Tip #1: If you aren’t sure what size eyes your doll needs, start with the smallest size and work your way up. Generally, a smaller iris creates a more mature look, while a larger iris will make your doll look younger. Some large eyes may not fit into your doll’s head at all, however. Likewise, too-small eyes will leave gaps in the eye socket.

Tip #2: If your doll's eyes are half-closed, go down one size from the default.

How to change doll eyes

Proper eye setting in a doll can make all the difference in photos, yet often the stock placement is slapdash and simply doesn’t look right. If your doll’s eyes seem out of alignment, you will need to open your doll’s head to reset the eyes in a more appropriate position.

For a new hobbyist, it may seem daunting to change the eyes on your doll, but it’s really not that difficult. All you need is your doll, a pair of eyes of your choice, and some eye putty.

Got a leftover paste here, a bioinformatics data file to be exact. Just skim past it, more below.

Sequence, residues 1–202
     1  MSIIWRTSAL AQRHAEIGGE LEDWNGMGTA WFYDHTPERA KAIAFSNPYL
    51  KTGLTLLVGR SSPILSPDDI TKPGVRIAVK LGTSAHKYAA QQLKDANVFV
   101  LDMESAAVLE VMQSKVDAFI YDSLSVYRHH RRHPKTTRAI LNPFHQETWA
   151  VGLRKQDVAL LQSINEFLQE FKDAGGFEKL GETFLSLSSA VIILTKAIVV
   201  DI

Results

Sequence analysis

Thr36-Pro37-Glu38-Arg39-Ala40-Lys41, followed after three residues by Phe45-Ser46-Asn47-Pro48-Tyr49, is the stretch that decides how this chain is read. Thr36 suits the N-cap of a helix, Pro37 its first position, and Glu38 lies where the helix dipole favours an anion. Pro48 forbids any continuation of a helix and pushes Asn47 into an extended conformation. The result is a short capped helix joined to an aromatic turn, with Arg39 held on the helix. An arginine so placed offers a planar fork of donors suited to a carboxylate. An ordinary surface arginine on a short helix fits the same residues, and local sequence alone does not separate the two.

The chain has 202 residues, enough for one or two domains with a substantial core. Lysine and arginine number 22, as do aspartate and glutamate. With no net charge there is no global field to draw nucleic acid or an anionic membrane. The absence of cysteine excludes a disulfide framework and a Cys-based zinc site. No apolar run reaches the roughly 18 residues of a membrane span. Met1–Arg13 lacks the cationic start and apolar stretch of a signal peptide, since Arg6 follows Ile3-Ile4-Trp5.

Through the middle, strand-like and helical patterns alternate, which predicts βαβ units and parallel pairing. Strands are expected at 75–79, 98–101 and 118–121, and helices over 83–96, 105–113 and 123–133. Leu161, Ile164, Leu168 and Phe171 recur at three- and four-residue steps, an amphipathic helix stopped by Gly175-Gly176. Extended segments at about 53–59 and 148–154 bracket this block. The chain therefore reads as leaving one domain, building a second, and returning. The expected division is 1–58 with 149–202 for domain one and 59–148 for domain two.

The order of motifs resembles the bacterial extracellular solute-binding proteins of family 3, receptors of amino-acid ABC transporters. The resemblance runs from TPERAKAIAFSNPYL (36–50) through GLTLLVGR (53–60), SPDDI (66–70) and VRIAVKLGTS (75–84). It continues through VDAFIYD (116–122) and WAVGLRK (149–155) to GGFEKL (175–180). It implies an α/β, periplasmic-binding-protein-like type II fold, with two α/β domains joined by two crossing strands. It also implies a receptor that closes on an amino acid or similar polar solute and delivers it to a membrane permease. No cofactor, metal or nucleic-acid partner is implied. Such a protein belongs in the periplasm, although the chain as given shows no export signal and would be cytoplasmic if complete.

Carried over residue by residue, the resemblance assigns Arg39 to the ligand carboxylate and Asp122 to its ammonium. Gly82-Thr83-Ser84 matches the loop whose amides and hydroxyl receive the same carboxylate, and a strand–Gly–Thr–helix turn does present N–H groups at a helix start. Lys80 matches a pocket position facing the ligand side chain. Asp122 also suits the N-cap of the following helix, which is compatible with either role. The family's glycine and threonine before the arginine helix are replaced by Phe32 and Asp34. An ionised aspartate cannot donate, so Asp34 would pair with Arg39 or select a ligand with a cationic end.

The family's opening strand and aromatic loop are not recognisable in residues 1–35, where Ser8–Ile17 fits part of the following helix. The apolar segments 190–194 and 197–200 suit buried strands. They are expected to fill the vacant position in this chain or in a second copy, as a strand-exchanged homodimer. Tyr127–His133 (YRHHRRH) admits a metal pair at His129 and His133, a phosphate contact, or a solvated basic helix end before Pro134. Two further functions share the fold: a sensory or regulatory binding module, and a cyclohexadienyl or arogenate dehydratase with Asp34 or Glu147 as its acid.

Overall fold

Tip: I use the Scotch brand mounting putty because it doesn’t stain, but I believe 3M and similar companies will have a product that will work for you if you can’t find the Scotch brand one. It’s about $3 a packet.

A single packet is enough for the eyes of several dolls such as a ball jointed doll. This putty is reusable when removed from a doll.

Opening the head

The first order of business is to open the head. Remove the doll’s wig, and you should see a seam line around the head. Pop that open. Most newer ball jointed dolls have a magnet system keeping the head closed, so give a tug to the removable part (either a headcap or face-plate).

If your doll still has their default eyes installed, the eyes will need to be removed. The eyes on a factory-standard doll are usually held in with hard putty or hot glue. Putty needs to be chiseled out (tedious!). Hot glue can be pried out with a blunt knife.

Tip: Applying either low heat or cold can sometimes help with the glue removal. If you’re lucky, they will be held in with mounting putty, which can be easily removed with the eyes.

Once they’re out, switch in the new eyes. The important thing to keep in mind when setting eyes to go slow and ensure the eyes are set properly.